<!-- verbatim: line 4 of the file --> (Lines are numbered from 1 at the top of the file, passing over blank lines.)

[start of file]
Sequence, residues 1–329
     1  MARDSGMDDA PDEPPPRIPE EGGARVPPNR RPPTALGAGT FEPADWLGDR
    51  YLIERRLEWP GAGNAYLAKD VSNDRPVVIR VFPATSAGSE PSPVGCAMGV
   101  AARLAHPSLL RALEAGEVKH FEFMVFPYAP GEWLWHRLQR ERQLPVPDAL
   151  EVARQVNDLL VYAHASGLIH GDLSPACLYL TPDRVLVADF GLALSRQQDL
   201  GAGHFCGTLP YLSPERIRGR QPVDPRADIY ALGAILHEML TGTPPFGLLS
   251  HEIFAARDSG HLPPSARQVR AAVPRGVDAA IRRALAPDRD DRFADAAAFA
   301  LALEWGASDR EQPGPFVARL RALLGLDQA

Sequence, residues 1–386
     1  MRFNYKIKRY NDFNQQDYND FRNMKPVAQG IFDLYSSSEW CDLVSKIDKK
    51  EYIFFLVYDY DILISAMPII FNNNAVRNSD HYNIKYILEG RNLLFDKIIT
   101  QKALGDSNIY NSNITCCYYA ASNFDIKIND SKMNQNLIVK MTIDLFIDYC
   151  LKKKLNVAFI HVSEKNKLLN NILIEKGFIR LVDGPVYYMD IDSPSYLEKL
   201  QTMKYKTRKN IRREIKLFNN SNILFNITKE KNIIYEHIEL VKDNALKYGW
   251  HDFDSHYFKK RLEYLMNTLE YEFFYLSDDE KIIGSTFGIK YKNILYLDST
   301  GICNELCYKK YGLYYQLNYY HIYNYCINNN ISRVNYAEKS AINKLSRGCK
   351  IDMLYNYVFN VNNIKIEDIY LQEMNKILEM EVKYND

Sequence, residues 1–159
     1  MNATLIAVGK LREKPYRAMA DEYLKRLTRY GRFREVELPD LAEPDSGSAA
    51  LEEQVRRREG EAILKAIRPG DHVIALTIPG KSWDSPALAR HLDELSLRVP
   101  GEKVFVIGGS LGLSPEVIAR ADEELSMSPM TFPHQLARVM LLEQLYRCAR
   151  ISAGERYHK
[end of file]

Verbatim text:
   101  AARLAHPSLL RALEAGEVKH FEFMVFPYAP GEWLWHRLQR ERQLPVPDAL